Wild ‘super pigs’ are rooting toward Minnesota. The state wants to keep them out.

Wild ‘super pigs’ are rooting toward Minnesota. The state wants to keep them out.
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Researchers at Enetwild, a project funded by the European Food Safety Authority, wrote in 2018 that getting accurate counts of wild boar is only feasible in small habitats, in part because the traditional methods of counting animal populations — direct observation — is difficult with nocturnal animals, like wild pigs.

The USDA Animal and Plant Health Inspection Service estimates that feral hogs cause up to $2.5 billion in damages nationwide per year. The animals consume crops, destroy fencing, transmit diseases and parasites and contaminate bodies of water by wallowing and defecating.

Feral hogs are capable of contracting and spreading all of the diseases of domestic swine, including African swine fever, influenza viruses and pseudorabies.

Once feral pigs take over a territory, it’s nearly impossible to eradicate them, said Eric Nelson, wildlife damage program supervisor at the Minnesota Department of Natural Resources.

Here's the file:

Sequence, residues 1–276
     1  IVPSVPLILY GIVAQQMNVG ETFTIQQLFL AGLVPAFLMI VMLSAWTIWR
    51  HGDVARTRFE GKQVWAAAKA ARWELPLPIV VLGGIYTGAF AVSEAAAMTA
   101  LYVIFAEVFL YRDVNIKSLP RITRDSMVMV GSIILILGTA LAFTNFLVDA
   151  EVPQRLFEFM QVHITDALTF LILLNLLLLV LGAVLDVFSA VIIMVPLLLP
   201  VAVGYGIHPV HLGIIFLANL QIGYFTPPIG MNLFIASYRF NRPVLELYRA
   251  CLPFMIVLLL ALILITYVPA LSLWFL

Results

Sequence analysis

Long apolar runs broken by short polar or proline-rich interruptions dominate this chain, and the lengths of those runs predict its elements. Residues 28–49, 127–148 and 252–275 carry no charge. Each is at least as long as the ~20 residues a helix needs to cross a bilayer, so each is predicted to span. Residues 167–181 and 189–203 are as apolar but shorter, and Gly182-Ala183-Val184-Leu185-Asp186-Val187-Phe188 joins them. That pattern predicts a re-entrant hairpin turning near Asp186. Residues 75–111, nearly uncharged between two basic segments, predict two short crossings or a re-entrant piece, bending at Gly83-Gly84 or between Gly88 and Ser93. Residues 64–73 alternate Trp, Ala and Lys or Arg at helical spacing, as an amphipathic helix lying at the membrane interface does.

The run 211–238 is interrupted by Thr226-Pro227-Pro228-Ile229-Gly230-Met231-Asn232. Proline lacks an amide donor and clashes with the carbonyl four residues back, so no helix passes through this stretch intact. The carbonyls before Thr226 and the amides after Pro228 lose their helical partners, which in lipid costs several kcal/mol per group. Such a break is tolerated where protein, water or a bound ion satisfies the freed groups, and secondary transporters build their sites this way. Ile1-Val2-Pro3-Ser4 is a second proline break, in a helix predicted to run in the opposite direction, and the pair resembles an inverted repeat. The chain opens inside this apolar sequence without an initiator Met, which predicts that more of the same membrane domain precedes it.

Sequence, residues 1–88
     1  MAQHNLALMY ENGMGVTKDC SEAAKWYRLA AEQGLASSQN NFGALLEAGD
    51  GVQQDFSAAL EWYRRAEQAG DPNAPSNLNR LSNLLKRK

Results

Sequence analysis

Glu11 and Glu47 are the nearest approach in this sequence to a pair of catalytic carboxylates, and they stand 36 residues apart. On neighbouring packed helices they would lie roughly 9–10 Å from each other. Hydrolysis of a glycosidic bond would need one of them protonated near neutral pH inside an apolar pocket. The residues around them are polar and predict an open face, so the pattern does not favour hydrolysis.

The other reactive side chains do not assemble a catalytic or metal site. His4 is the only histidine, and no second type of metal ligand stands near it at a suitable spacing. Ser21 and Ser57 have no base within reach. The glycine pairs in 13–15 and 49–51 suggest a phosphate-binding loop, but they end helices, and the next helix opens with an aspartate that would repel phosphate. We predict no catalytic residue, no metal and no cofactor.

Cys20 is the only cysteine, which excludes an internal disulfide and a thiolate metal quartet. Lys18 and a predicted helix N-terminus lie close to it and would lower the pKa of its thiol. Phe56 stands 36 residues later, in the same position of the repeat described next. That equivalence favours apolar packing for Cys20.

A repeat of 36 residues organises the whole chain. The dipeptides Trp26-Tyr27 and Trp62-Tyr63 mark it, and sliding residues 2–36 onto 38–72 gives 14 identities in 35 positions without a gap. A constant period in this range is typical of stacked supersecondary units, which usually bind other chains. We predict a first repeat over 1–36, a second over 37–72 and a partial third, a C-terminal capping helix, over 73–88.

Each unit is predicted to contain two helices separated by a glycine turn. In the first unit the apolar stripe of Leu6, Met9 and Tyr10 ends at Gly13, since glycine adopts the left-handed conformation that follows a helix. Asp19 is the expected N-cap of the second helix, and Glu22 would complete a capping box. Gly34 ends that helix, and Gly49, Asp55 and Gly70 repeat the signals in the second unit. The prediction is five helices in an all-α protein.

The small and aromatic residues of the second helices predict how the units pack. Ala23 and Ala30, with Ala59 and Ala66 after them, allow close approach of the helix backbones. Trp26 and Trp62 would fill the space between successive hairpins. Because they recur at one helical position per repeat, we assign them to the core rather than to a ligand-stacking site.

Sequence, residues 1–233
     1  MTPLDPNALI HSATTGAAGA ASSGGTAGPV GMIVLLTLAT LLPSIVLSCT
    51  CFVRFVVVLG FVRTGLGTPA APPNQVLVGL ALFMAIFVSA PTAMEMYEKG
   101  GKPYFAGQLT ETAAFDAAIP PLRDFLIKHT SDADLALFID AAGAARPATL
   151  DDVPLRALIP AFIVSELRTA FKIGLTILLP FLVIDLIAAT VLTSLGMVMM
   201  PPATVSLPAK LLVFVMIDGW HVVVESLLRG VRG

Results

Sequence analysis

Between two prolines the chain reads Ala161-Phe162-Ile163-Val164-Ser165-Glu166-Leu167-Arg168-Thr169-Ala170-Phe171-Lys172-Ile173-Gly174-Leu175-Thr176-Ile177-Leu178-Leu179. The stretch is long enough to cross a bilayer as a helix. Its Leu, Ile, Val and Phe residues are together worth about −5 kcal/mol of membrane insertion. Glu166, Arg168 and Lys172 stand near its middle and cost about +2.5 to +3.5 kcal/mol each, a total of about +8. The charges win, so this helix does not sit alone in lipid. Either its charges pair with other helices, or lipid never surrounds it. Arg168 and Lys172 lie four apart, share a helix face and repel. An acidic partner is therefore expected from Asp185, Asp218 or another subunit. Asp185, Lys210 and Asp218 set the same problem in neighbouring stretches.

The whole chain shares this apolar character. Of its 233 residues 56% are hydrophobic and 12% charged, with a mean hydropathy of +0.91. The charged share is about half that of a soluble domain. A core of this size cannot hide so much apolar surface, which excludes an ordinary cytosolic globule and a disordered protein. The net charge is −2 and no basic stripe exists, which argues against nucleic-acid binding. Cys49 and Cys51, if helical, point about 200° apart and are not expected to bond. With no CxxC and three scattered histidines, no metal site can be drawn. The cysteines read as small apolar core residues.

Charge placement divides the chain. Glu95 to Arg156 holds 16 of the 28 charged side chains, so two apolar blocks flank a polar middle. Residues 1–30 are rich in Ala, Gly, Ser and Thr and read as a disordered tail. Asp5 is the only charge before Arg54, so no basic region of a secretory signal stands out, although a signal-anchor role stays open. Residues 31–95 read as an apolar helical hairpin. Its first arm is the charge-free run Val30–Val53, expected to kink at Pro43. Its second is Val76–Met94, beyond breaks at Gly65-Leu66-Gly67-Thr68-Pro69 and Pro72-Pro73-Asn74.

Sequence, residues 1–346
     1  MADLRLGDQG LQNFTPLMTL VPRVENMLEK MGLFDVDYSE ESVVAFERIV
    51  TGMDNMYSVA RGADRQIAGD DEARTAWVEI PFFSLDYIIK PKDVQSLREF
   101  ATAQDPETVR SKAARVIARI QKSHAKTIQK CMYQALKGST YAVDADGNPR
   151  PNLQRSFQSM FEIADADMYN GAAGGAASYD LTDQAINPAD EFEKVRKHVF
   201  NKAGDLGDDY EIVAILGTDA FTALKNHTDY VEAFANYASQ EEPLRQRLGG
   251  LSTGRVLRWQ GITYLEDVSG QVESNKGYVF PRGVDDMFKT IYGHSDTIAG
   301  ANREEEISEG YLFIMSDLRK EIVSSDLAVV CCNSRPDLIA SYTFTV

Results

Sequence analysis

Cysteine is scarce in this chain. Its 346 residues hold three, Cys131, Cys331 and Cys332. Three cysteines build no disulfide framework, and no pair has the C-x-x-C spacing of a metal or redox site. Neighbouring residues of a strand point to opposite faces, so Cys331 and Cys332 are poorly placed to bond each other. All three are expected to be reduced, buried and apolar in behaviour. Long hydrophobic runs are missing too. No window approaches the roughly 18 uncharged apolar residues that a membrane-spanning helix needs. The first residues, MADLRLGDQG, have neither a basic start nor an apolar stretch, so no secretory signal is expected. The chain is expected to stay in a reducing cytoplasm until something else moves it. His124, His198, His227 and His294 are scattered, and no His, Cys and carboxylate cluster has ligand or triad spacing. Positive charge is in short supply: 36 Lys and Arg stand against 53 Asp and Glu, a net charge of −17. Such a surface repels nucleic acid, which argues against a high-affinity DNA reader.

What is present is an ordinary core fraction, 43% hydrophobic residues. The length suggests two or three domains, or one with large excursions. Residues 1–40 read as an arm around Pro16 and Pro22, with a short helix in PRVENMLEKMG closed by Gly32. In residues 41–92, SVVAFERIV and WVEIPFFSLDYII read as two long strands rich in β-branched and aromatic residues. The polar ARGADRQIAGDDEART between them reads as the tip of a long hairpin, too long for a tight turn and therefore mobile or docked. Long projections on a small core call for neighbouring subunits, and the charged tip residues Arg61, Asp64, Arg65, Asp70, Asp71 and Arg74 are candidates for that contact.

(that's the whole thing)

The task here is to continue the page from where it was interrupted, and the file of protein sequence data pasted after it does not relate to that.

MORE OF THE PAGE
Feral pigs are intelligent, adaptable, eat a wide variety of foods and have no natural predators besides humans.

“We have a lot to lose if we get feral swine established here,” Nelson said.

Swine are not native to North America. European settlers brought the first pigs to the continent in the 1500s. Later, hunters released Eurasian boars for sport, creating the hybrid population of wild pigs that roam the U.S. today.

Canada didn’t have a significant domestic swine population until the 1980s, according to Ryan Brook, a professor at the University of Saskatchewan College of Agriculture and Bioresources and a leading expert on Canada’s feral hog issue. In order to produce bigger, longer animals, farmers bred domestic pigs with boars to create a hybrid.

“These animals got all the benefits of the wild boar side, especially that fur and the extra long legs and the long snout, and so they got that warmth advantage,” Brook said. “Then they got this huge advantage of being big, which is really important in cold environments to stay warm and survive.”

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About Mary Weyand 14613 Articles
Mary founded Scoop Tour with an aim to bring relevant and unaltered news to the general public with a specific view point for each story catered by the team. She is a proficient journalist who holds a reputable portfolio with proficiency in content analysis and research. With ample knowledge about the Automobile industry, she also contributes her knowledge for the Automobile section of the website.

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